When East meets West: Collision, collusion, or cooperation? Dialogue of Civilizations Research Institute attends Bucharest Forum

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Berlin, 17. October: The Bucharest Forum, the public events platform of the Aspen Institute Romania, took place from 9-10 October in the Romanian capital. The event is focused on the needs of economic and strategic decision-makers in the region between the Adriatic Sea, the Black Sea, and the Caspian Sea. Every year, the Bucharest Forum becomes one of the most relevant international gatherings for high-level public policy debate.

Launched in 2012, the Forum aims to create a regional platform for forward-thinking economic and security policies and open dialogue between governments and civil society.

This year’s Forum was one of the largest public strategic debates in the region, offering a unique opportunity for a high-level East-West conversation and facilitating an in-depth understanding of the current global transformative context.

Jean-Christophe Bas, CEO of the Dialogue of Civilizations Research Institute (DOC) and a member of the executive board of the Aspen Institute France participated in the ‘America and Europe: Friends or foes?’ panel. The session dealt with the question of whether the two sides are able to rebuild bridges amidst a trade war and also debated the extent to which the two sides of the Atlantic ocean are divided.

Besides Bas, Molly Montgomery, vice-president of the Albright Stonebridge Group and a former special adviser for Europe and Russia in the Office of the US Vice President, and Ivan Hodac, the president of the Aspen Institute Central Europe also spoke on the panel, which was moderated by Andrea Shalal, senior correspondent for Thomson Reuters in Berlin.

Jean-Christophe Bas stressed the following: “There is a need to be very cautious; what characterises relations between the US and Europe today after 70 years of stability and close collaboration is that they are totally unpredictable. Let’s see what will come out from the midterms in November in the US and the European elections next June. This will profoundly affect the nature of our relationship. It is also important to stress that if there is a growing gap between the US and Europe, there is no real gap between Americans and Europeans; people-to-people relationships and shared values are very strong, as well as city-to-city cooperation, academic exchanges, not to mention business exchange and mutual investments. However, it is fair to acknowledge that whatever happens with President Trump in the upcoming elections, the relations won’t be back to ‘business as usual’ after he leaves office. Europeans will have to take care of themselves, of their security, but also to be more assertive on the global stage. The time has also come for the Transatlantic community to realise that the world has radically changed and that the status quo cannot be maintained as it is. There is an urgent need to define, together with countries and leaders from the rising world, the terms of a fair, sustainable, and peaceful new world order”.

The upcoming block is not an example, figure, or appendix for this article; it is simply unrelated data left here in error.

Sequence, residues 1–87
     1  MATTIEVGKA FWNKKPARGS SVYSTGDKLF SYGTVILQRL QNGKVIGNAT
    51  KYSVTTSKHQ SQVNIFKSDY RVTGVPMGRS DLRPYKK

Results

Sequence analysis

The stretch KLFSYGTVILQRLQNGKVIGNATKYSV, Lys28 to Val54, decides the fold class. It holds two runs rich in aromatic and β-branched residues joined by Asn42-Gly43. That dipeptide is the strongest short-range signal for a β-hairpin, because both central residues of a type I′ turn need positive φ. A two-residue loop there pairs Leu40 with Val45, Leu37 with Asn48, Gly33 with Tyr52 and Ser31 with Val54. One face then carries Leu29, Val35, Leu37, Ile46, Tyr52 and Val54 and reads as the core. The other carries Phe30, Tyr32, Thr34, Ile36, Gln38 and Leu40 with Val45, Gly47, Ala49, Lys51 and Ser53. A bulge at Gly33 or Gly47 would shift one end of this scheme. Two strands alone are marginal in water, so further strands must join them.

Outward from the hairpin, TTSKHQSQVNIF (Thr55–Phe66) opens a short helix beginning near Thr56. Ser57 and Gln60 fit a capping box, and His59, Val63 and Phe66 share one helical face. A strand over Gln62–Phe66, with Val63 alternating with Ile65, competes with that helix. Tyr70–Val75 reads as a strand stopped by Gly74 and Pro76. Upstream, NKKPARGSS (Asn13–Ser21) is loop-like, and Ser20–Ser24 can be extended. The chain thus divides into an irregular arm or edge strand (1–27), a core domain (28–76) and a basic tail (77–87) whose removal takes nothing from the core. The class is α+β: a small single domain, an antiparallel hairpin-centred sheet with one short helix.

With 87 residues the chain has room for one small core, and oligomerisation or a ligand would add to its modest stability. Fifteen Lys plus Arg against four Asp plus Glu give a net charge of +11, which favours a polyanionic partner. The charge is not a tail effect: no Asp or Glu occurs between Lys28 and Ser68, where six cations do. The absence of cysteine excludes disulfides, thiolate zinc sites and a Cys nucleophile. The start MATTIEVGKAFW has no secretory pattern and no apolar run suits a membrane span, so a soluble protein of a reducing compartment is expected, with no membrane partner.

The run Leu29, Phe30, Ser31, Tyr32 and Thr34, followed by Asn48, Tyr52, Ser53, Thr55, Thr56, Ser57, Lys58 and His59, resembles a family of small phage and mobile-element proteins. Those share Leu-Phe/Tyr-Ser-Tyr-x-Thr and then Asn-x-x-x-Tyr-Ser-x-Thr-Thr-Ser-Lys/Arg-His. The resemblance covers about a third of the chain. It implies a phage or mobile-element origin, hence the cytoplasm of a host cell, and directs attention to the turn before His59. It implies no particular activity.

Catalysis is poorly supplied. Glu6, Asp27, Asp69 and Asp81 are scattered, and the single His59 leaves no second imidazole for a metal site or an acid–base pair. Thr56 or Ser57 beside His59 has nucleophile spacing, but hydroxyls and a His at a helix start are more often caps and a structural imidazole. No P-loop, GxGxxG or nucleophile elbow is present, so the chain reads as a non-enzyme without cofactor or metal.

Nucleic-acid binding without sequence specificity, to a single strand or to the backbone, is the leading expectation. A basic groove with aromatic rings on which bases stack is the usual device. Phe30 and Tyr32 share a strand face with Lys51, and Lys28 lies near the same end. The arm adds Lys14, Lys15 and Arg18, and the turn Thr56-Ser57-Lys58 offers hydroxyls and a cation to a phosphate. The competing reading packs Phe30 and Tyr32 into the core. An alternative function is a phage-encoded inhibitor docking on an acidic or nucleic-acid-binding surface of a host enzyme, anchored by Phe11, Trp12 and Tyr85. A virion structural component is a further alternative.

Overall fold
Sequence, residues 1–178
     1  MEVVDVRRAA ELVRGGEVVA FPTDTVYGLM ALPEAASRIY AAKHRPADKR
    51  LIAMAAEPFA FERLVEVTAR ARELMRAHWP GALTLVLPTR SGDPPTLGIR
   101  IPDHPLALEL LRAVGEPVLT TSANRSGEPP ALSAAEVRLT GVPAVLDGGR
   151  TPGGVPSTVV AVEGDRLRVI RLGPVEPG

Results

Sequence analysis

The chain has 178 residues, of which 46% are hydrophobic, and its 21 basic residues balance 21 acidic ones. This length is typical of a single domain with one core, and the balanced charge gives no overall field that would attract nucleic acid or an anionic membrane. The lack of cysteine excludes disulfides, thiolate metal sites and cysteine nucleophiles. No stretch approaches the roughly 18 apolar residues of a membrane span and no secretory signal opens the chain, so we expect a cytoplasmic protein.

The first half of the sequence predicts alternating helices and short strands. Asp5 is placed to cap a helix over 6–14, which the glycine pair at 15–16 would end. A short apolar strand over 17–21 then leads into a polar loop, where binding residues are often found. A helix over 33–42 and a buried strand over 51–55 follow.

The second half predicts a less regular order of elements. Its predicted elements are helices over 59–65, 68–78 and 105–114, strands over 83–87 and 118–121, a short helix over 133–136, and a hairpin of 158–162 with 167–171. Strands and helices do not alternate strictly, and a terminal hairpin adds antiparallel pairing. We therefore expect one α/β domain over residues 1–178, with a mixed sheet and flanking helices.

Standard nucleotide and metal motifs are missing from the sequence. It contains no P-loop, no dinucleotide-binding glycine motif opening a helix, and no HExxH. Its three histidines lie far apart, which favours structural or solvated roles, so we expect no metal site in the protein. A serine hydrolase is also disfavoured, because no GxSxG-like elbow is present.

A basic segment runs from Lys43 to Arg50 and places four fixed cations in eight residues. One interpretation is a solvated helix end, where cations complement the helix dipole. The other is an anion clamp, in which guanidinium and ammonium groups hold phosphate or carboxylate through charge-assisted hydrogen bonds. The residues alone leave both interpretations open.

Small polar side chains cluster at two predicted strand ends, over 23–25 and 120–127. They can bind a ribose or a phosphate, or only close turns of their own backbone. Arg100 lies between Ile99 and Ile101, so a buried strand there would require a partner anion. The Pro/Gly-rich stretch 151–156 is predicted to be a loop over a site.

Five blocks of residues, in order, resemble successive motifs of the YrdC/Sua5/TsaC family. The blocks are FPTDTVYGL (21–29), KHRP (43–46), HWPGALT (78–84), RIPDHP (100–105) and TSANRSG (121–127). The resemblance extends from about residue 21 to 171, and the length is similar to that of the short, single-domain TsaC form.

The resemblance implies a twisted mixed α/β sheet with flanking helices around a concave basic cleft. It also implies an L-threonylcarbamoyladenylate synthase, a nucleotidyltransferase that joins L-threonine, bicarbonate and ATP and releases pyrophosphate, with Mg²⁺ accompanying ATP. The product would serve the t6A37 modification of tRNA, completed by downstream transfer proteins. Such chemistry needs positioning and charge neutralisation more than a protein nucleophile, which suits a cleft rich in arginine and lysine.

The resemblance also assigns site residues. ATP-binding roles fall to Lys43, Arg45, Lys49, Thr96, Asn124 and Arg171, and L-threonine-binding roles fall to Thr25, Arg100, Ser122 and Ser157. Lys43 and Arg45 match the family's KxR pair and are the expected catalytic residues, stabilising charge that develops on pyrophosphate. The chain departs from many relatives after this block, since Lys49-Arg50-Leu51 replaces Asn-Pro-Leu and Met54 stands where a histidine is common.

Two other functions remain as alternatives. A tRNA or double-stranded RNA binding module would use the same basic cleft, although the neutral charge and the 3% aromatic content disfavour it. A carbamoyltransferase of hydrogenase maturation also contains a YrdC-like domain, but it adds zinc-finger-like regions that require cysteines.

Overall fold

Other sessions discussed themes like ‘Big cities: A New stage in the Rise of Asia?’, ‘BRI and the Indo-Pacific Community’, ‘The Economics of the New Urban Era’, ‘Mega-trends Shaping Societies’, ‘Business and Politics’, and ‘(De-)globalization and geo-economics’.